From cannabis prohibition to cannabis regulation in Iran
It is with the establishment of the modern state (1920s) and, especially, with the foundation of the Islamic Republic in 1979 that prohibition of drugs, including cannabis, becomes more stringent. In the ﬁrst part of the 20th century, cannabis was a primary concern to Iranian policymakers (and religious scholars).
Public anxiety has generally been manifested towards the mind-altering substances, such as alcoholic drinks and opium. The latter, in particular, was the object of a ﬁrst state-led monopoly during the 1920s and a total prohibition later in 1955. Popularly accepted within Iranians’ Mores and an integrated part of the traditional pharmacopeia, opium was re-interpreted during the modernisation process as a backward habit and a highly addictive substance.
This prohibitionist impetus coincided with the international effort, sponsored by the United States, to control (and later eradicate) opium culture. This new vision was eagerly espoused by Iranian lawmakers with the hope of demonstrating their conformism with Western modernity. Cannabis was not included in Iran’s ﬁrst drug laws and its control remained mostly a question of moral condemnation led by public intellectuals and religious zealots. Among social groups seen as principle consumers were university graduates returning from studies abroad and the dervishes who begged and smoked hashish with little care about mainstream morality.
In fact, the ﬁrst Penal Law of the Pahlavi era, approved on January 27, 1926, referred exclusively to the crime ‘of opium, charas and bang public intoxication [mo-tejaher]’( Penal Law, 1926). The punishment were severe when one considers that previously there stood no ﬁne: from eight days to three months incarceration or the payment of two to ﬁfty tuman. Despite pressures from the international drug control machinery, which had adopted measures to supervise and control cannabis, the Iranian government ignored the matter.
Only on June 22, 1959, Iran’s Senate approved the ﬁrst law that made cannabis illegal.
This ban laid the ground for Iran’s signature of the 1961 Single Convention on Narcotics Drugs. It was with the establishment of the Islamic Republic in 1979 that the Iranian state adopted a staunch and uncompromising approach towards all mind-altering drugs, including cannabis. This move made the Islamic Republic to adopt among the most powerful measures to control and repress drug traﬃcking and use, under the banner of Islam rather than that of the international drug control regime. The ﬁrst drug laws were approved by the Council for the Expediency of State (Majma‘-e Tashkhis-eMaslahat-e Nezam) in 1988 at a time of great political quakes.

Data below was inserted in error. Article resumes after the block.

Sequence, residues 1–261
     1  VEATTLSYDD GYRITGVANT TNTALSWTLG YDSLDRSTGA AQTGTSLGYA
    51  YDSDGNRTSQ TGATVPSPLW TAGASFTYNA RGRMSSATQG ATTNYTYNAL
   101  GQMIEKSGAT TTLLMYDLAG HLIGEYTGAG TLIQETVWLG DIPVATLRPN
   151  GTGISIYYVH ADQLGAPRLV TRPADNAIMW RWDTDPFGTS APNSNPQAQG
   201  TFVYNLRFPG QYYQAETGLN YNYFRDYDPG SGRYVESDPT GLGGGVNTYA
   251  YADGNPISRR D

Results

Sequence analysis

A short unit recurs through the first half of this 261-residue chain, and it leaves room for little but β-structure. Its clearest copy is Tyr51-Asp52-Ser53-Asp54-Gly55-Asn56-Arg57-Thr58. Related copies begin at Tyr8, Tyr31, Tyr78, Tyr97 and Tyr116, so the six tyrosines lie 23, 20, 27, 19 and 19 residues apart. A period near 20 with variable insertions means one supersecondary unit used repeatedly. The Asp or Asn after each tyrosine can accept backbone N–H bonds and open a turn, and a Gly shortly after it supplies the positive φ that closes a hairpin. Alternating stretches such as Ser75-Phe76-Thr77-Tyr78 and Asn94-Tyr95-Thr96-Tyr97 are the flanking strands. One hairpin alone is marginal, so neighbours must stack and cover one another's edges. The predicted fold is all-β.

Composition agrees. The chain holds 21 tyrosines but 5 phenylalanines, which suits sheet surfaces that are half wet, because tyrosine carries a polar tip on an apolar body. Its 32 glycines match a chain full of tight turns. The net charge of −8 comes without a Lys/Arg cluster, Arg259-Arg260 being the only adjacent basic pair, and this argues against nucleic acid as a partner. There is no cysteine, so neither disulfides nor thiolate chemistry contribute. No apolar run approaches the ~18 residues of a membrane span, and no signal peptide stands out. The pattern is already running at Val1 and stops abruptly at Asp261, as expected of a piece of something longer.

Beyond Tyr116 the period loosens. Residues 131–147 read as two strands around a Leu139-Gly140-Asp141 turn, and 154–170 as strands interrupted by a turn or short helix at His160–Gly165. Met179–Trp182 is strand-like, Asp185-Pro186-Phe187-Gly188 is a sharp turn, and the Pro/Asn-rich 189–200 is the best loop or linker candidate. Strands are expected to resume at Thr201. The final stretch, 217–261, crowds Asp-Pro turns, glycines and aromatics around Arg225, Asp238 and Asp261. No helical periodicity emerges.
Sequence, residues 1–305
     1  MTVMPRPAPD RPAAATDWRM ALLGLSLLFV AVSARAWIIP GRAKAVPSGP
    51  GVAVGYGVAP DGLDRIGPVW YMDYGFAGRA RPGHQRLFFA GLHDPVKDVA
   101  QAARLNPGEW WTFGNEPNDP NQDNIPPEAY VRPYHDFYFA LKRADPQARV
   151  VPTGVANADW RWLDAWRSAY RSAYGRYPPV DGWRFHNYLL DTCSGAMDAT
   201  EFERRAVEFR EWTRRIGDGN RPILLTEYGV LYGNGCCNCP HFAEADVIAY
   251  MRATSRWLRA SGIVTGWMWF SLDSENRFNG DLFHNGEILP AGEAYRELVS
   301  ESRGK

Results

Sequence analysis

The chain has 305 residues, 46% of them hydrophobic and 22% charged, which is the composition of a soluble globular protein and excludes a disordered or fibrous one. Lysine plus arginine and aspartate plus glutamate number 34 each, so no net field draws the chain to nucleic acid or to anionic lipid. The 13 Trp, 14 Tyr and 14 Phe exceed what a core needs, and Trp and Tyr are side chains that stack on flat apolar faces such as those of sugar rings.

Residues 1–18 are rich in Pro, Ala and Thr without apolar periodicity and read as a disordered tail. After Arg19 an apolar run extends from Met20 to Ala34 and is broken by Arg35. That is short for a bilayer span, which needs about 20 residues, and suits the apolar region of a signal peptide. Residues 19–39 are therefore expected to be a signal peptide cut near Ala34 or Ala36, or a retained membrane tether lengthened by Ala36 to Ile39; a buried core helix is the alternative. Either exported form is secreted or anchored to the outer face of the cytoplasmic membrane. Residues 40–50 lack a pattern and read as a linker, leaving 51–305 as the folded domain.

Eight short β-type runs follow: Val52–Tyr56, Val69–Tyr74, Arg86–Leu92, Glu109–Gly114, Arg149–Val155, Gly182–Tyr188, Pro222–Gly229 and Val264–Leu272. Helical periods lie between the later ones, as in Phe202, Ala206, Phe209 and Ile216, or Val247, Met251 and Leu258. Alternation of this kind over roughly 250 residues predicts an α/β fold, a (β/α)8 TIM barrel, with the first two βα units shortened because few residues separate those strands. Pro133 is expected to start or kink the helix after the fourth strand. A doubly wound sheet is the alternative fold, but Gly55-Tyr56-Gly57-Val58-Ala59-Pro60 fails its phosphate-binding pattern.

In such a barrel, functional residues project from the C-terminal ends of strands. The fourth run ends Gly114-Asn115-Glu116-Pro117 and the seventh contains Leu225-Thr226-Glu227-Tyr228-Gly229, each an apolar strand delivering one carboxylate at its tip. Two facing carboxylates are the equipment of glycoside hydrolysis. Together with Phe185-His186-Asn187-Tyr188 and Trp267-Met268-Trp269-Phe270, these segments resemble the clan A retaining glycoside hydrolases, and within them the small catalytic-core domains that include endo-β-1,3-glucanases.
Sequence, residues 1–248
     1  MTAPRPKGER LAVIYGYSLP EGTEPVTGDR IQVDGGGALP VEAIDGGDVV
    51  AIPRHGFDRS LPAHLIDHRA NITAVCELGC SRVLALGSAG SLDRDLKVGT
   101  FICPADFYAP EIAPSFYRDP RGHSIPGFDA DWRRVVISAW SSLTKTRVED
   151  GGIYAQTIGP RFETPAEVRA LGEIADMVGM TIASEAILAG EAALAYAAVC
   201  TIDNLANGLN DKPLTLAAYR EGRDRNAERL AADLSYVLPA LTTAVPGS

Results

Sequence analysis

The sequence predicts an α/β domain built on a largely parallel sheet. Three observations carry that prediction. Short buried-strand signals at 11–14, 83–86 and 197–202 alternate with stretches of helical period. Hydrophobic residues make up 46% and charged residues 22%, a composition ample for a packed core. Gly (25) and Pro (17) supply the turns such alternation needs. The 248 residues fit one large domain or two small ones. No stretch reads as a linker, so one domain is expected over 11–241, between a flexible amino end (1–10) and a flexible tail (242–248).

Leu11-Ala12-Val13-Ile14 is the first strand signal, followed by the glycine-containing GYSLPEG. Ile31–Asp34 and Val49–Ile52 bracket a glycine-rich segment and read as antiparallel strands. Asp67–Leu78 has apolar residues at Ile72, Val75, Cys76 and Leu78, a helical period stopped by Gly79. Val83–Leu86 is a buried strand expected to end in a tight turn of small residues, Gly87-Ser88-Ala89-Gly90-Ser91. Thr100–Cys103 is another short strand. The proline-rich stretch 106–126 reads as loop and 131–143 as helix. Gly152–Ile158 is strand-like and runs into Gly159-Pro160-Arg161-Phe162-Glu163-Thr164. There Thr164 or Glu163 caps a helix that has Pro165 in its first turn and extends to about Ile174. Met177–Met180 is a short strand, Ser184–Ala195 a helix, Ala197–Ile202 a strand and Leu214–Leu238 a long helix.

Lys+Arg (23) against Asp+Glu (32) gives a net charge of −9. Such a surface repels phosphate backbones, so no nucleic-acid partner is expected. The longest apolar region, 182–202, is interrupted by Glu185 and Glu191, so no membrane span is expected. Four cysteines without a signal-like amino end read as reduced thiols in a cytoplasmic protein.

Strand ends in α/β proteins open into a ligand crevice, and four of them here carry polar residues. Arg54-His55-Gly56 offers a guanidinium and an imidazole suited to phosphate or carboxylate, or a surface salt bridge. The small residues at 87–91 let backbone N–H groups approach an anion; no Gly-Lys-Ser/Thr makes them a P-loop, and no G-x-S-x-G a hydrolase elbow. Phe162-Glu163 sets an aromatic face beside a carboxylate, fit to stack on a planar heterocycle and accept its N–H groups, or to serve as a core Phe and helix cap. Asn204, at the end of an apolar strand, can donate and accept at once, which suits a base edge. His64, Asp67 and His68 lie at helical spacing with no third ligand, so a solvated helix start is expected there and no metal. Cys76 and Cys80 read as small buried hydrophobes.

With regard to cannabis, the law established that “the cultivation of cannabis [shahdaneh] for the purpose of narcotic production”is illegal. The penalties for cannabis were equal to those envisioned for opium production and they contemplated, in extremis, the death penalty (Anti-Narcotic Law, 1988). While the Iranian authorities successfully eradicated poppy cultivation during the 1980s, the cannabis plant was harder to get rid of.
Spontaneous ﬂowering of cannabis is not a rare sight across the Iranian plateau and given that the government’s priority remained to curtail the ﬂow of opiates in consideration of the heavy toll of opium and heroin use . Cannabis use remained partly an issue on the background. By the 2000s, in line with global consumption modes, larger numbers of Iranians had acquired a renewed taste for cannabis and its derivatives. The traditional hashish smokers, popularly known as the bangis, have in part been replaced by urban marijuana smokers, who belonged to the modern wealthier end of the social spectrum. This shift has signified also that cannabis is now obtained not only through illegal drug networks which travelled westward from Afghanistan, the country disposing of the highest quality of hashish, but also domestically. At times, cultivation of cannabis would occur in the balcony and terraces of urban centres, the Iranian climate being ideal for such agricultural endeavours.
Cannabis use surfaced in the public eye when the head of the Drug Control Headquarters, Iran’s umbrella organisation for illicit drugs, affirmed that a new drug, gol (‘ﬂower’) had become the second most common consumed drug after opium. Gol indicates the ﬂower of cannabis plant, which contains a higher level of THC and therefore produces stronger psychoactive effects. This was similar to the trend in Western capitals where cannabis potency has progressively gone up in part due to the governmental clampdown and in part in response to users’ preference . In response to this development, Iranian drugs policymakers have been discussing possible reforms that would update the old-fashioned prohibitionist regime.
One important case is given by the proposal to regulate through state monopolies the cultivation of the poppy and cannabis plant. This step would enable the supervision of legitimate opium and hashish consumption, which would occur according to speciﬁc limits about age, medical status and spatial location. Although the proposal has not yet been approved, it has been discussed in the highly influential Expediency Council. It has been taken into account and promoted beyond governmental venues. During the International Conference on Addiction Science that took place in Tehran in September 2015, leading scholars in drugs policy and public officicials organised a stand-alone panel that focused on regulation and legalisation of cannabis, putting forth models to be implemented in Iran.